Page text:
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Flora in Marloth Park

Why they call it MARLOTH PARK

aloemarloth Marloth Park got the name from the plant Aloe marlothii

Named after Rudolf Marloth, a South African botanist, this species of aloe has an especially large robust head of stiff, grey-green leaves. These leaves can be up to 1.5m in length and usually densely covered in short spines on the convex lower surfaces and less so on the concave upper surfaces. Like many other arborescent aloe species, this Aloe is more spiny when it is small and as it becomes taller and less vulnerable to grazing, it loses many of the spines from its leaf surfaces. It normally has a trunk densely covered by the withered old leaves.

The inflorescence is a much-branched panicle with up to 30 or exceptionally 50 racemes. Flower colour varies a great deal, and ranges from yellow through orange (most common) to bright red. Flowering takes place through the winter months, as is the case with most aloes.

The distinctively horizontal branches of its inflorescence is an easy way to distinguish this species from other aloes. For this reason it is sometimes known as the flat-flowered aloe. (However, the type known as Aloe spectabilis, has taller, less horizontal inforescences.) The densely packed flowers all tend to point upwards from the raceme.

When not in flower, it is easily confused with the closely related Zimbabwe Aloe, and with the similar-looking Cape Aloe and African Aloe species to the south.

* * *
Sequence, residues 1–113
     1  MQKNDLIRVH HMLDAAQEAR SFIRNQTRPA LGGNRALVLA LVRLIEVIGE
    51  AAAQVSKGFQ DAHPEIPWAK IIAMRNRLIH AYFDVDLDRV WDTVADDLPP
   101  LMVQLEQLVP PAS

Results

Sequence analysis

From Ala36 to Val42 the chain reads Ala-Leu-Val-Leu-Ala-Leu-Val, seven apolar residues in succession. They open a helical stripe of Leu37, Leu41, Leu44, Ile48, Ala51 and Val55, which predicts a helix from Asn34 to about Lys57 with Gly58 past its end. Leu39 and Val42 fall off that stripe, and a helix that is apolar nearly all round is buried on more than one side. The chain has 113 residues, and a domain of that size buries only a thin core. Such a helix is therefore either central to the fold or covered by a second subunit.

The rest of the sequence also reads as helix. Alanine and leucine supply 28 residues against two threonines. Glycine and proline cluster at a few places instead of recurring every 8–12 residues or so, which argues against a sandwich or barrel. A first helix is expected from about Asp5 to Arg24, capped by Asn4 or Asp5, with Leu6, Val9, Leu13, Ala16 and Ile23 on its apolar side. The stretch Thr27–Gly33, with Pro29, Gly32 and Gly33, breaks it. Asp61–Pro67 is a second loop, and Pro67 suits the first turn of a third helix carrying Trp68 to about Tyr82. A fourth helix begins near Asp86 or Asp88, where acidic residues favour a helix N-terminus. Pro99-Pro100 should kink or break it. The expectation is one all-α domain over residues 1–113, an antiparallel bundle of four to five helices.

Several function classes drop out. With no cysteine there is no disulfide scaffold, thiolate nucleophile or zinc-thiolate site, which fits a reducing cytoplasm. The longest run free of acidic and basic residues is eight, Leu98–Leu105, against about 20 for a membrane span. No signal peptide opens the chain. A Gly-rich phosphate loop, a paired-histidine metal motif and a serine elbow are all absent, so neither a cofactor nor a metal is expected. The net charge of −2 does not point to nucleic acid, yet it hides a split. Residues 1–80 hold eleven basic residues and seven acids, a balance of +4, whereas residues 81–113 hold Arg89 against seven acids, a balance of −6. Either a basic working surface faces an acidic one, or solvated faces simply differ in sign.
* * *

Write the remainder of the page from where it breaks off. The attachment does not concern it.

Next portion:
planten1x There are more then 22 000 difrent species indigenous  seed plants in South Africa in 2180 orden and in 227 family’s plantenjpg We try to keep Marloth Park as natural as possible, it is therefore absolutely forbidden to have non-native plants and animals in Marloth park  also dogs and cats are absolutely prohibited, and we would rather hear the lions at night than the barking of a dog. This might transmit diseases to the native animals and spread it over in the Kruger or in the lion Spruit reserve. the non native plants overgrow the native plants and natural vegetation, that way our native animals have no food. Marloth park also has a wealth of insects and birds. Marloth park consists of two parts, the part where houses are scattered and the Lionspruit reserve, the reserve is from of the people who own a house in Marloth and is operated by the honarary rangers and guarded by game rangers,  our rangers also work closely with the rangers at the Kruger park and have thus been some successes achieved by catching poachers. We also try with the residents to watch as much as possible and observe strange activities, because even in Marloth park there come poachers with bows poaching.
Here some photo’s from  MARLOTH PARK EN LION SPRUIT

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